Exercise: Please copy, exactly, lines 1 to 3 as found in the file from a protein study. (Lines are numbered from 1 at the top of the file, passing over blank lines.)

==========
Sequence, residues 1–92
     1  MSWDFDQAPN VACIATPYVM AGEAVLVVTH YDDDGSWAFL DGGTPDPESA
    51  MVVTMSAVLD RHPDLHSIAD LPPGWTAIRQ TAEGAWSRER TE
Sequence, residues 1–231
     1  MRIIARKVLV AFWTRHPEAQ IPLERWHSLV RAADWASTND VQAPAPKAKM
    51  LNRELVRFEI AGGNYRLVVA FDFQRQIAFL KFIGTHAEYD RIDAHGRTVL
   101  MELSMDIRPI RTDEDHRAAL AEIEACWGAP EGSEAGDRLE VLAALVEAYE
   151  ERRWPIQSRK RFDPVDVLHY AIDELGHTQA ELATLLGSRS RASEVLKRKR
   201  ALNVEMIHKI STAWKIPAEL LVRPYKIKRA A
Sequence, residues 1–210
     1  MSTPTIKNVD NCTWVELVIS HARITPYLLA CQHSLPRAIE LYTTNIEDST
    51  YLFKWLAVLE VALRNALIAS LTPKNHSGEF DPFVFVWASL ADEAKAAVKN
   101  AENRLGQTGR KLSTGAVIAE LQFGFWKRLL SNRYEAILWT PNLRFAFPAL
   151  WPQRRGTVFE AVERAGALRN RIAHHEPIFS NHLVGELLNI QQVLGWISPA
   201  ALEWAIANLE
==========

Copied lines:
Sequence, residues 1–92
     1  MSWDFDQAPN VACIATPYVM AGEAVLVVTH YDDDGSWAFL DGGTPDPESA
    51  MVVTMSAVLD RHPDLHSIAD LPPGWTAIRQ TAEGAWSRER TE